“Black Sheep” was intended as a slapstick comedy, firmly in the wheelhouse of both Spade and the freshly-hot commodity Farley. But the latter was tired of being the butt of weight-based gags and eager to show off his characterization skills — it would become a point of creative contention between the longtime friends, who would in turn battle with the director over her frequent head-butting with the screenwriter. Tom Farley’s “The Chris Farley Show: A Biography in Three Acts,” reveals that Wolf was fired three times and eventually banned from the set.
Spheeris got the gig based on her handling of “Wayne’s World,” the most fruitful “SNL” picture to date. Add in Gary Busey and “Animal House” alumni Tim Matheson and Bruce McGill among the cast and the same screenwriter behind “Tommy Boy,” and the movie had all the makings of a hit laugh-fest – “We all had it down,” Spade lamented to Uproxx. He continued:
“Penelope told us right off the bat that she didn’t love ‘Tommy Boy’ and that she knew how to make Chris and me funny. That’s where someone should have pulled the plug. Then she ripped forty pages out of our script and said she would fix them with her writer. Fred and she had a few bad meetings and he was essentially kicked off the project from then on.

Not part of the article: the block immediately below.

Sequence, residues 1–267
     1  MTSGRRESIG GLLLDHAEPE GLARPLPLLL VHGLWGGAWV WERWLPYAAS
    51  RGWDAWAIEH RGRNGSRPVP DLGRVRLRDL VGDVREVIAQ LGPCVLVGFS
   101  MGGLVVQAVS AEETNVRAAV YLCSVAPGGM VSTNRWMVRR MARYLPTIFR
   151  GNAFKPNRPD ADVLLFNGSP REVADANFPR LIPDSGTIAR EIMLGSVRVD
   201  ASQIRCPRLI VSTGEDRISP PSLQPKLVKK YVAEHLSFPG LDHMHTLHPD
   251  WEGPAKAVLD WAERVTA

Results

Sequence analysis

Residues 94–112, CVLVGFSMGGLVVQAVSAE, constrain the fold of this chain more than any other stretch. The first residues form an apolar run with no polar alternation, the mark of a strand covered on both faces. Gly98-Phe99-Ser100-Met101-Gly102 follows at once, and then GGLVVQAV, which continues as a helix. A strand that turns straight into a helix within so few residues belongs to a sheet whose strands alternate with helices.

For her part, Spheeris acknowledges Paramount’s desperation and hints at a cynicism towards the goofball comedy from the jump. In Tom Farley’s biography of his late brother, the “Suburbia” director admitted that the $2.75 million payday was what appealed to her. “I hate to sound crass, but I did it for the money,” she’s quoted. In retrospect, “Black Sheep” is an elegiac story, one that waves farewell at a comedy team that was only warming up before Farley’s sudden death.